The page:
America has now entered what has been variously called the “on-demand economy” or the “Uber economy” or the “Amazon economy.” It’s also been called the “knowledge economy,” which is Darwinian without intending to be. Well-educated workers can get ahead, but getting that good education is more expensive than ever and those without it become chum.
Labor practices in the new economy look quite a bit like those before labor got organized in the early 19th century. In too many places, exploitation is not seen as a bad thing. It takes the form of low wages, ever-shifting schedules, and like-it-or-lump-it work rules. At Amazon, as the New York Times reported last month, even for white-collar workers, labor practices are ”soulless and dystopian.” That was the description of company founder and CEO Jeff Bezos, who professed to be shocked, shocked that this sort of exploitation was taking place.
Low-wage workers, shown how to organize by the Service Employees International Union, have had some success in a few cities (including St. Louis) getting the minimum wage increased. Stung by publicity over how much their low wages cost American taxpayers in the form of subsidized benefits, Walmart and McDonald’s increased wages in a few places. But Walmart has begun cutting hours and McDonald’s is still in a kind of slow-growth funk.
The minimum wage was $1.60 in 1971, and had the same buying power that $9.43 has today. Ask somebody at a Chamber of Commerce if he could afford to pay $9.43 minimum wage, you’ll get a litany of horrors. The economy has become dependent on exploitation.
Labor has had some successes since Labor Day 2014. President Barack Obama’s Labor Department issued new rules in May that will ensure people entitled to overtime actually are paid overtime.
Last month the National Labor Relations Board ruled that Browning-Ferris Industries, a California waste management company, was a “joint employer” of people it hired through a temp agency. If the workers want to unionize, Browning-Ferris has to negotiate with them instead of claiming it’s the temp agency’s problem.
By itself, this is small potatoes. But it strikes at the heart of a gimmick in widespread use, particularly in the fast-food industry. Companies like McDonald’s sell franchises to independent business people. If you want to organize McDonald’s workers, you have to deal with hundreds of franchisees. Now McDonald’s is recognized, rightly, as co-employer if it has a “direct and immediate impact” on job rules.
And this week in San Francisco, a federal judge granted class-action status to a group of Uber drivers who want to be regarded as employees, not independent contractors. If the drivers prevail in their lawsuit, Uber would be responsible for such niceties as health insurance, workers’ compensation and work-related expenses.
Proponents of the “Uber economy,” including Uber itself, say that drivers enjoy the “flexibility” of being able to work when they want. This may well be true, particularly for drivers who are students or are supplementing incomes from another low-wage job. But the flexibility comes at a price, one that the drivers themselves pay.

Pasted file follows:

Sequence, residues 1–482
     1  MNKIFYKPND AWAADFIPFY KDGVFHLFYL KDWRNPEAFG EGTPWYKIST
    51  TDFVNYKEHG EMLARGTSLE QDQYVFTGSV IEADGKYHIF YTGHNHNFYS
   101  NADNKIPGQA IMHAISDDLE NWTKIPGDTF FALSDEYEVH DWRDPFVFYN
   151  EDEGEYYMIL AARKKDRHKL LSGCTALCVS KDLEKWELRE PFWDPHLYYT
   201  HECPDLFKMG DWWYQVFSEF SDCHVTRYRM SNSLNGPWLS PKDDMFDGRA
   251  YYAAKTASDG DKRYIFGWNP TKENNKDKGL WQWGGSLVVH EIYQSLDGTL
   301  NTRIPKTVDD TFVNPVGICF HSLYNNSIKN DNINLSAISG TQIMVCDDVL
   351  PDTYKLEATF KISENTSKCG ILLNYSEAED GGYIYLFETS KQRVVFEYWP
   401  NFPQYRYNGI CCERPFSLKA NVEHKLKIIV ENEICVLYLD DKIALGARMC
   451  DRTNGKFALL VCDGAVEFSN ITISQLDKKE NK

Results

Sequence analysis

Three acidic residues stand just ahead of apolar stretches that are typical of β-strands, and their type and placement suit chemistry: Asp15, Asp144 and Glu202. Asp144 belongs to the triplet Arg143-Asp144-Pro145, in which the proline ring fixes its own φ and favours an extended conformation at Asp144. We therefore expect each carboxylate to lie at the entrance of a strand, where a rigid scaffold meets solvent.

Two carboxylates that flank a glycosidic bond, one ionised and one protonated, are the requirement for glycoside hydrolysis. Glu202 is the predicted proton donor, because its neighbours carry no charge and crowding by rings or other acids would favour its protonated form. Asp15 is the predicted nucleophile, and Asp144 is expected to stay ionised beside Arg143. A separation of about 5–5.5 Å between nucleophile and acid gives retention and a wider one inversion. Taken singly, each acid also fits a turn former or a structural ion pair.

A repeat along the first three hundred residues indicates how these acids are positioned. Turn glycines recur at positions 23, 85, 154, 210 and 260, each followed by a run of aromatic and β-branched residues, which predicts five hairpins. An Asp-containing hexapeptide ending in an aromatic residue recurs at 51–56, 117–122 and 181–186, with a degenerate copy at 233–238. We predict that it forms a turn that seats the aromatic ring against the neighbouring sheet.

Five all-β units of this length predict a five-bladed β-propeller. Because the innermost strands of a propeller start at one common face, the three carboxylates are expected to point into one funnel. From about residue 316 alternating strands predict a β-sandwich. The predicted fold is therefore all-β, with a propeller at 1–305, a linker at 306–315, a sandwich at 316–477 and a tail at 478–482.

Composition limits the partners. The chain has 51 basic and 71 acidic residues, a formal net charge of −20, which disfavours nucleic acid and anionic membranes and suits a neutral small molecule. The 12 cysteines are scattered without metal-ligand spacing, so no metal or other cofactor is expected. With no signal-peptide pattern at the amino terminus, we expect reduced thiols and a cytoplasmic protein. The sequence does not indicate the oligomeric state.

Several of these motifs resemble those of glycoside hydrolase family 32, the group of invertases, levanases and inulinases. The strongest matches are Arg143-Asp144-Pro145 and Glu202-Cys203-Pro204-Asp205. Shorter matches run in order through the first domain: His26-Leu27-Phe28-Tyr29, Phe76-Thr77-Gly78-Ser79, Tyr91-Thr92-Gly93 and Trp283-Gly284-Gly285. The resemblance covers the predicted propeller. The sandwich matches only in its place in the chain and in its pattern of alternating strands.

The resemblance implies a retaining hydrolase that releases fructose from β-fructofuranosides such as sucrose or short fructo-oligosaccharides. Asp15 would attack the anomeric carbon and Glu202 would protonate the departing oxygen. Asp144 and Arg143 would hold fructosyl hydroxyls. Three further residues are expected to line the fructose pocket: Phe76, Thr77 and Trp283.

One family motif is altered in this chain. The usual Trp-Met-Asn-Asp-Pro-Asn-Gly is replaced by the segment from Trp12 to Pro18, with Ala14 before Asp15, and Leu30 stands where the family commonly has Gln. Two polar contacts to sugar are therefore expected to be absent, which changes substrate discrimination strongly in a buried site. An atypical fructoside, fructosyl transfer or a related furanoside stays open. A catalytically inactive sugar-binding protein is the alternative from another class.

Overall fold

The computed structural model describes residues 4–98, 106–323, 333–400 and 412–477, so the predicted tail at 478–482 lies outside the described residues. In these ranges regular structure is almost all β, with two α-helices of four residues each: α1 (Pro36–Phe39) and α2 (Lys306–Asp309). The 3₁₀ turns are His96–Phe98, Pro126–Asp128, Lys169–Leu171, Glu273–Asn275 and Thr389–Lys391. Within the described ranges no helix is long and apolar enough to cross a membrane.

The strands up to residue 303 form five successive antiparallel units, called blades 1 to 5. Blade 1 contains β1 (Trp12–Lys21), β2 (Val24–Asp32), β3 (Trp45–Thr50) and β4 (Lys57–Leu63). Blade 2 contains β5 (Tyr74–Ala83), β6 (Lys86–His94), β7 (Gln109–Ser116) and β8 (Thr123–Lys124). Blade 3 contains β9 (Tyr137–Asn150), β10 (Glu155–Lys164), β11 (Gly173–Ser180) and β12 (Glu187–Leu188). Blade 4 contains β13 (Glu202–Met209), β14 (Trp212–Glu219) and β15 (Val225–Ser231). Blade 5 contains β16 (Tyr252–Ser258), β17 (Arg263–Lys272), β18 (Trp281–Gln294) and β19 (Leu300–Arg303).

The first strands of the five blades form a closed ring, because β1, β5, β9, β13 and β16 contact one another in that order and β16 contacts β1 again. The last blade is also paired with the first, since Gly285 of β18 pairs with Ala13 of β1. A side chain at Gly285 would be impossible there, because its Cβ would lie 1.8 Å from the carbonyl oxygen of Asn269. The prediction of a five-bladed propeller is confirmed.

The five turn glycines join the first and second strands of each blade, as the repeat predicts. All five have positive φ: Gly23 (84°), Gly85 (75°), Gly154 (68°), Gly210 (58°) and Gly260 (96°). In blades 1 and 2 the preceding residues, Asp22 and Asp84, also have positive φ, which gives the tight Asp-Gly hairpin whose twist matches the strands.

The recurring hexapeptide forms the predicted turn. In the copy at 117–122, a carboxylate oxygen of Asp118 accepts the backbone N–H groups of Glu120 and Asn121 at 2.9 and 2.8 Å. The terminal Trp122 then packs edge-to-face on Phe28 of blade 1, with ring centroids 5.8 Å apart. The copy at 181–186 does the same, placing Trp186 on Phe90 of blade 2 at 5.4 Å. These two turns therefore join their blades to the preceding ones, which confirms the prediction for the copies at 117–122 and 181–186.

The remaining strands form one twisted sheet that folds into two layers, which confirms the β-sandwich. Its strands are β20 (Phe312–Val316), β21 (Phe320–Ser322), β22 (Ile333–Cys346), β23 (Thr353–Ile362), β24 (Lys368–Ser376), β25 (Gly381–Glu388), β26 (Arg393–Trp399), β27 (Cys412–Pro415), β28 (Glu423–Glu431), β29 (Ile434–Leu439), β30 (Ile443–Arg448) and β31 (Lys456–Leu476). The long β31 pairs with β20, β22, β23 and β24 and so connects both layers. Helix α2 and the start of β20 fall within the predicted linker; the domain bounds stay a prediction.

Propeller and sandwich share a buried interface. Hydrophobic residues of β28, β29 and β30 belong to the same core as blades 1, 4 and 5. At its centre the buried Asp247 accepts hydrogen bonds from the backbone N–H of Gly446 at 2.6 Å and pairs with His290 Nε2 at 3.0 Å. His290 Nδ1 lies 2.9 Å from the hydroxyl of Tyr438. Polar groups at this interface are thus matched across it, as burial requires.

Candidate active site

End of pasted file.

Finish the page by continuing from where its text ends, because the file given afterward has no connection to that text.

What’s surprising is how acceptable this kind of wage slavery has become. Using Uber is so convenient, and has such cachet, that the social costs associated with it have been ignored. And to be sure, taxi companies left the door open to competition with poor service and slow adaptation to technology, just as corruption and an unwillingness to adapt made trade unions complicit in their own demise. Liberals are not above cashing in; Uber’s chief organizer is David Plouffe, President Obama’s former campaign manager. Amazon’s chief spokesman is Jay Carney, Mr. Obama’s former press secretary.
Indeed, in today’s economy, the virtues of collective action by organized workers barely register. The triumph of the Reagan Revolution is that “every man for himself” is rarely questioned. “Liberty” is too often conflated with selfishness.
Next year could be even rougher for labor. The Supreme Court, in a widely overlooked decision on June 30, 2014 (the same day that the Hobby Lobby contraceptive case was getting all the attention) set the stage. In Harris v. Quinn, the court ruled that Illinois home health care workers who didn’t wish to join a union had a First Amendment right not to be forced to pay “agency fees” in lieu of dues to the union.
This is the “right to work” argument cast in a different light. So-called “free riders” who get the benefits of union bargaining would be free not to join the union. It is a special cause of Justice Samuel Alito, who wants to get rid of agency fees altogether.
The court has already agreed to hear Friedrichs v. California Teachers Association, possibly as early as this fall. It is a direct challenge to the 1977 decision that allowed public workers unions to collect payments in lieu of dues. It’s hard to imagine that the justices won’t give teachers the same “opt-out” rights that they gave home health care workers.
You can blame conservative justices. You can blame immigrants or outsourcing or technology. But fundamentally, when they fail to organize and take direct political action, or even vote, American workers become their own worst enemy. Happy Labor Day.
(Excerpted from St. Louis Post Dispatch 9/3/15)